Herald: CBC's Graves is "divisive and disgusting; Gazette: Graves should be fired
Liberal-CBC pollster Frank Graves has become a liability to the CBC, damaging its already dubious reputation when it comes to political bias.
In their lead editorial, the Calgary Herald calls Graves "divisive and disgusting":
The bigger issue is that an influential person like Graves can harbour such cliched and stereotypical views and put them forward as a political strategy. It's divisive and disgusting. Liberal Leader Michael Ignatieff, we hope, is smart enough not to dismiss an entire section of the country as irrelevant and ideologically monochromatic.
We do wonder, though, if Graves' remarks reflect a CBC hangup. Every time it produces a TV series set in Alberta, it is built around stereotypical themes about ranchers and oilmen. Most Albertans live in cities, drink wine and ponder thread counts in their bedding. Albertans are noted for their volunteer spirit, generosity and friendliness to all.
And lest you think it's only a Western thing, the Montreal Gazette, the newspaper of record for that Liberal-red city, says Graves should be fired:
Michael Ignatieff has not endorsed this approach, and now that Graves has spilled the beans we imagine the Liberals will want to distance themselves from him. But imagine the fuss if some Conservative pollster had been quoted the same way. We can envision the CBC's breathless reports about "secret Conservative plotting to divide Canadians," etc. etc.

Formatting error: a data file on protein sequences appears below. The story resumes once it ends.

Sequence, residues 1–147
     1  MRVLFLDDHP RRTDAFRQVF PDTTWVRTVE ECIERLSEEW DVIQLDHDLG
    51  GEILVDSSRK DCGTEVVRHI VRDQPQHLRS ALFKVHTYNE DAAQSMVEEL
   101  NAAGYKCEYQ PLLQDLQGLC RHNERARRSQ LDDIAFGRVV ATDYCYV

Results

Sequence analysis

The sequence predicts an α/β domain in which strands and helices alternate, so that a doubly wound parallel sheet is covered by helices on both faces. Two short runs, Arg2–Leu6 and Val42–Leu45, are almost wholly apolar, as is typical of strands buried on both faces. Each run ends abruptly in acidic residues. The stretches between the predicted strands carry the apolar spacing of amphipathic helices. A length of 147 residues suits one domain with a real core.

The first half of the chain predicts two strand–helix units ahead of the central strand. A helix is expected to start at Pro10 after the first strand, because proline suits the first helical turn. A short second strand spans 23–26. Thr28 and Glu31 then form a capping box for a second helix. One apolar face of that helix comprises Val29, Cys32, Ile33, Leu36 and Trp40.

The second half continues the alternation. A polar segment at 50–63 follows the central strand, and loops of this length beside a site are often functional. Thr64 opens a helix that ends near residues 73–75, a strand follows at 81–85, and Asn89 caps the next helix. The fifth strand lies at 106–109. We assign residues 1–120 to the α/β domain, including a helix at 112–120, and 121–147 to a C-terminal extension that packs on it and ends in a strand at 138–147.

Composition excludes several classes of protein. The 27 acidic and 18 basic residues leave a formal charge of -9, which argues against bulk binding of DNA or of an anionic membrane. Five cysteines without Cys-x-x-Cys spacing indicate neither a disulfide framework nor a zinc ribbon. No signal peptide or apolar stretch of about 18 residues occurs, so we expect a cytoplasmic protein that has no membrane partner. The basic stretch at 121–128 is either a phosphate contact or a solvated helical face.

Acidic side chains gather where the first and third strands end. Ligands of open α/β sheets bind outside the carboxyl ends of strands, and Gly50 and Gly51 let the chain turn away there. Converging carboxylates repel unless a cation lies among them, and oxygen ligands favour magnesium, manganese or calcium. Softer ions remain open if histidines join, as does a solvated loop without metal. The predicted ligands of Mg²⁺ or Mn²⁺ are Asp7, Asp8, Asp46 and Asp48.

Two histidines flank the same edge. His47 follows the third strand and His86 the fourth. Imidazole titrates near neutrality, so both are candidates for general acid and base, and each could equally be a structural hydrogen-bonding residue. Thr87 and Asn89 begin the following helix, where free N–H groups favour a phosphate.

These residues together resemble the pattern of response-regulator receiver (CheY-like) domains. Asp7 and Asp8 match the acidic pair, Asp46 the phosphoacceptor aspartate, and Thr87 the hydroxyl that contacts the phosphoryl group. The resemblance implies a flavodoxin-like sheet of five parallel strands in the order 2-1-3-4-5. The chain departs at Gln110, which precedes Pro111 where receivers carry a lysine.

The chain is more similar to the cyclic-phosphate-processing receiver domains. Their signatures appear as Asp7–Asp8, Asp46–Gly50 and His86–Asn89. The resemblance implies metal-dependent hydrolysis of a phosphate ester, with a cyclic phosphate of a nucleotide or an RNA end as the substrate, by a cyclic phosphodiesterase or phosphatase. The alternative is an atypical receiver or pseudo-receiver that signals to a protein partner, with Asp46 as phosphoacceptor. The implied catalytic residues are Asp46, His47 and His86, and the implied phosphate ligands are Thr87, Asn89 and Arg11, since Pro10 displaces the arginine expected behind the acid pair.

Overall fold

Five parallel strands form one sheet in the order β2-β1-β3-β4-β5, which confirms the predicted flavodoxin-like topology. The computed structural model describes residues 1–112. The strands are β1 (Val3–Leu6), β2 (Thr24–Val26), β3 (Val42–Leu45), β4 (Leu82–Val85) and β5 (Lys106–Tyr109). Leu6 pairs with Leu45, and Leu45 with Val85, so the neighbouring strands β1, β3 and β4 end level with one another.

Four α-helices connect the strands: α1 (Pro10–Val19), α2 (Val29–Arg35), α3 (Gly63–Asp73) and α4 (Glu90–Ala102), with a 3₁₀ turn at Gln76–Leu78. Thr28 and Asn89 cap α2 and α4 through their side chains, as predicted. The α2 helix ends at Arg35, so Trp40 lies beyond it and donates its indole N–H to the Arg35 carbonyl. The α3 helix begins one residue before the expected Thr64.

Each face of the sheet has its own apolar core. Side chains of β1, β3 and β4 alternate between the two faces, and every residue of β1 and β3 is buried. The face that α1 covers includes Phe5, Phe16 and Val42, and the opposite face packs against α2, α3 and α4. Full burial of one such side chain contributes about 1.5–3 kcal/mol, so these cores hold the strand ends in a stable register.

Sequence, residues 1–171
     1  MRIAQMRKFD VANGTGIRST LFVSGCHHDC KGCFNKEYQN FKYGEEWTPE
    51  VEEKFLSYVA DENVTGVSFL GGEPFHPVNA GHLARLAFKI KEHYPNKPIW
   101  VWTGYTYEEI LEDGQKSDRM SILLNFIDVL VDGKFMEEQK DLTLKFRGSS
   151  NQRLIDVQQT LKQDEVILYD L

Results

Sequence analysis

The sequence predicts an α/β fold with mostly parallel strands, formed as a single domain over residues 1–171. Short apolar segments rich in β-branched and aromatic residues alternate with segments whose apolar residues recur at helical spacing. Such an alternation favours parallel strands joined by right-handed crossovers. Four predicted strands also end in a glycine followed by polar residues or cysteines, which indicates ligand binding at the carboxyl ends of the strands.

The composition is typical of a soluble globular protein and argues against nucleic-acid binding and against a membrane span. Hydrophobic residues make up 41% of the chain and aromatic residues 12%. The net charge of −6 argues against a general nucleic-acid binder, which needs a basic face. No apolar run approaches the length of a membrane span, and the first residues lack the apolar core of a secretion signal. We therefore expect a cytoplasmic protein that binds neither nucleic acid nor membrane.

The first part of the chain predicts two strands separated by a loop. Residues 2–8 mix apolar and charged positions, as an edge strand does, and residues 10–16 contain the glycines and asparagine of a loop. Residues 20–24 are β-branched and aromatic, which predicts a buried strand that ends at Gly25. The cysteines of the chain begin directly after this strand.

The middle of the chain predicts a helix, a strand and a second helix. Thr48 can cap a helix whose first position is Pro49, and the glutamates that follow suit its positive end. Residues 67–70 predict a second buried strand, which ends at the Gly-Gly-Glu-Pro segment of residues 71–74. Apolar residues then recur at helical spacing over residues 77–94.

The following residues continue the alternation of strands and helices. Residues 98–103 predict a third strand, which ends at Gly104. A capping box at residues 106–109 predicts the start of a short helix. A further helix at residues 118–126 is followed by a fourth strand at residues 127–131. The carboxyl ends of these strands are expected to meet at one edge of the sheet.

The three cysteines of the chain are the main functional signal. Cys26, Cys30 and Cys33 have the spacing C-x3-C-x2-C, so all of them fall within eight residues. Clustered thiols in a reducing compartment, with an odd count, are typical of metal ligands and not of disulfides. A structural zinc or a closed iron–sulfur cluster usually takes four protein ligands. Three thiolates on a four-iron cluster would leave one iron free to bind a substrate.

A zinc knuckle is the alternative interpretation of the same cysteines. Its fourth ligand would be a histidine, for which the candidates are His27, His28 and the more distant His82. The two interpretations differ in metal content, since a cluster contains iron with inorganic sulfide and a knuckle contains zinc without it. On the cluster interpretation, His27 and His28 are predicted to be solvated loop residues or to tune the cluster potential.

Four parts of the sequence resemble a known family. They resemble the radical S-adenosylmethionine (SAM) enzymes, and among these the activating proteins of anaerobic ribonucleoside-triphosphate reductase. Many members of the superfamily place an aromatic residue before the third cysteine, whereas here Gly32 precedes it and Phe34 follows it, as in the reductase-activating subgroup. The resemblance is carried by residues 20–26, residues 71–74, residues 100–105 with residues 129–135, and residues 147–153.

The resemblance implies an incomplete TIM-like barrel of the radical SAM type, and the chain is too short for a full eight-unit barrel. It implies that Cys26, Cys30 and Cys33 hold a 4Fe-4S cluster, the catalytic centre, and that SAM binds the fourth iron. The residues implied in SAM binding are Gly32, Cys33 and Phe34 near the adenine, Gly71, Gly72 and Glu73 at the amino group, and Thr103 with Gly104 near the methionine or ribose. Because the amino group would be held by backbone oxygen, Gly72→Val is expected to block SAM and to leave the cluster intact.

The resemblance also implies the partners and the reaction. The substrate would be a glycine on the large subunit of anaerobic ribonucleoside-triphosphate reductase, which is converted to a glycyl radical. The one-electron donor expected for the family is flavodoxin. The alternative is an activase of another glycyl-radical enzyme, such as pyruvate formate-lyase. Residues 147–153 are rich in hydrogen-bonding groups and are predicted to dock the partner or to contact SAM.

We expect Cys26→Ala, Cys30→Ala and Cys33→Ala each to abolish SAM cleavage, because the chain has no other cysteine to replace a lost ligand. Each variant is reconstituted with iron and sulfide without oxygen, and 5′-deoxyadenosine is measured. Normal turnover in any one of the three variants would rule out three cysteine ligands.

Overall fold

The CBC should invite Graves to take his advice south, or anywhere far away.
When the CBC has lost the Montreal Gazette, it's pretty much over.
I think the CBC is looking for some face-saving way to say goodbye to Graves, without looking like they were pushed around politically. They're surely embarrassed and furious with their "neutral" pollster for being such a partisan hack -- not just the $11,000 in donations that he's made to the Liberal Party, but his secret strategy briefings that he gives the Liberals, that we only found out about because Graves boasted about them to the Globe and Mail.
Well, being a man with the public interest at heart, I've got a revelation about Graves cooking the numbers that I'll write about when I have a moment (hopefully tonight). It's one thing for the CBC to abide a partisan hack like Graves; it's another thing for them to abide someone whose advice to a would-be prime minister is to pit one region against another, and to create a national "enemies list".
But it's something altogether different when their partisan hack "pollster" takes the data, and lies about it.
That's right: Frank Graves takes polling data, and lies to the public about what it says -- lies, you won't be surprised, that embarrass the Conservative Party.
Are you shocked? You shouldn't be. When you have a never-say-die partisan donor, who received $61 million in contracts from the last Liberal government, do you really find it surprising that he'd cook the books?
Even if the CBC doesn't mind -- or even agrees -- with Graves' bias, they should have known that to keep on someone with such a conflict of interest would lead to dishonest analysis.
I'll write about it later -- as a public service to the CBC, who are surely looking for some reason to throw their in-house bigot overboard, but look like it was their idea, not the Conservative Party's.